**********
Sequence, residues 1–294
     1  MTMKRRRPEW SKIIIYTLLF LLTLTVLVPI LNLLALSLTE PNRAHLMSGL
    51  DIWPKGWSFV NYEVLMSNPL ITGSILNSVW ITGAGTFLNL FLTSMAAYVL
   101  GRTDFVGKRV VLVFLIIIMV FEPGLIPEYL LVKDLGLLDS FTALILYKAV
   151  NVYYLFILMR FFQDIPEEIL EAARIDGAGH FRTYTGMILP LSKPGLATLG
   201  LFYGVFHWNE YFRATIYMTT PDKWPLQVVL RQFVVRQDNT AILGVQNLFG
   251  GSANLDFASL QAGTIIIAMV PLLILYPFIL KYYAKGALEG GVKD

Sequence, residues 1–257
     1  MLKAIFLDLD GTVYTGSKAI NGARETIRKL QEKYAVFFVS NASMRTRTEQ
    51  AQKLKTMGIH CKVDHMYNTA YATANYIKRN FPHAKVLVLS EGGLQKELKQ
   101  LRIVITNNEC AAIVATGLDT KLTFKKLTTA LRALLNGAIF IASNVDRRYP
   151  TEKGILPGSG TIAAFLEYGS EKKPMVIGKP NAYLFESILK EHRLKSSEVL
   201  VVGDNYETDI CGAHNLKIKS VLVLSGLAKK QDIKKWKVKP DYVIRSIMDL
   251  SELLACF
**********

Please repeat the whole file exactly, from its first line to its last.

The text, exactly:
Sequence, residues 1–294
     1  MTMKRRRPEW SKIIIYTLLF LLTLTVLVPI LNLLALSLTE PNRAHLMSGL
    51  DIWPKGWSFV NYEVLMSNPL ITGSILNSVW ITGAGTFLNL FLTSMAAYVL
   101  GRTDFVGKRV VLVFLIIIMV FEPGLIPEYL LVKDLGLLDS FTALILYKAV
   151  NVYYLFILMR FFQDIPEEIL EAARIDGAGH FRTYTGMILP LSKPGLATLG
   201  LFYGVFHWNE YFRATIYMTT PDKWPLQVVL RQFVVRQDNT AILGVQNLFG
   251  GSANLDFASL QAGTIIIAMV PLLILYPFIL KYYAKGALEG GVKD

Sequence, residues 1–257
     1  MLKAIFLDLD GTVYTGSKAI NGARETIRKL QEKYAVFFVS NASMRTRTEQ
    51  AQKLKTMGIH CKVDHMYNTA YATANYIKRN FPHAKVLVLS EGGLQKELKQ
   101  LRIVITNNEC AAIVATGLDT KLTFKKLTTA LRALLNGAIF IASNVDRRYP
   151  TEKGILPGSG TIAAFLEYGS EKKPMVIGKP NAYLFESILK EHRLKSSEVL
   201  VVGDNYETDI CGAHNLKIKS VLVLSGLAKK QDIKKWKVKP DYVIRSIMDL
   251  SELLACF